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Number of cancer survivors to increase exponentially

June 29, 2017

For Caldarella, the burns, fatigue, and swallowing problem went away with weeks of therapy. But like many patients, Caldarella continues to have dryness of the mouth and throat. That is a common problem, according to Dr. Cognetti. "Radiation kills the tumor, but it also kills the salivary glands."

Caldarella slowly began to feel better in late fall 2010. He gained 15 pounds of the 65 pounds that he lost. And on November 11, he was told he was cancer-free. "I was so thankful. Now I'm beginning to get my life back."

Caldarella says he has a message for others. "HPV-related throat cancer has no signs or symptoms in most cases. When you see or think something may be wrong, act fast. After finding the lump, I saw a doctor right away. Acting fast and having good health helped me."

Dr. Cognetti says the most common symptoms of throat cancer include throat pain, difficulty swallowing, ear pain, bleeding in the mouth or throat, hoarseness, and a lump in the neck. He also says that decades can elapse between HPV infection and the appearance of cancer.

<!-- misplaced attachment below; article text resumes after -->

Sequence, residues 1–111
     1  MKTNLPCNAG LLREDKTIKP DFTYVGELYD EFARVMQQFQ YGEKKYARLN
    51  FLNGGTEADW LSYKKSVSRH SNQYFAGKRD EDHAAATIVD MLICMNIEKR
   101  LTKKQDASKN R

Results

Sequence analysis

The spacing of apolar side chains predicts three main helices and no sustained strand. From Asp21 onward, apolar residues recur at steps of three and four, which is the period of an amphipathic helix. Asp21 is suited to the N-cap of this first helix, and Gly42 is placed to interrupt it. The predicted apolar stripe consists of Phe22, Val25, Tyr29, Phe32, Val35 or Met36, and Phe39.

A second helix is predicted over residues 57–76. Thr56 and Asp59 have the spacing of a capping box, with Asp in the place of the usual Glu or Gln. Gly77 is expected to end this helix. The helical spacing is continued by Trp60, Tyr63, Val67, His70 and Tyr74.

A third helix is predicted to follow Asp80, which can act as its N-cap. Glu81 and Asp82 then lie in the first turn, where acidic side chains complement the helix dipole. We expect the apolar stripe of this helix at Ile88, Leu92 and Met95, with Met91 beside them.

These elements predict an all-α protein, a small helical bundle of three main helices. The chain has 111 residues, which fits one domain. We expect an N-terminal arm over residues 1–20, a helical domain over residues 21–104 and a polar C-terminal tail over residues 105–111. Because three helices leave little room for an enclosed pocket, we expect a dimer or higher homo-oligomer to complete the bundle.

As for prevention, Dr. Cognetti says there are two vaccines currently approved for prevention of HPV-related cervical cancer. "It is not yet known whether the vaccines will protect against throat cancer, but the same HPV strains that cause cervical and vulvar cancer cause throat cancer."

Caldarella, who is single, credits his parents and loved ones for giving him strength. Calling them "David's Army," he says their support was the basis for him to create something positive to help other cancer patients. He is paying it forward with a foundation called "Dream and Believe Cancer Foundation." It started with a pizza party, which raised $15,000. Checks have already been distributed to individual patients as well as to Jefferson's Head and Neck Cancer program.

Source Thomas Jefferson University Hospital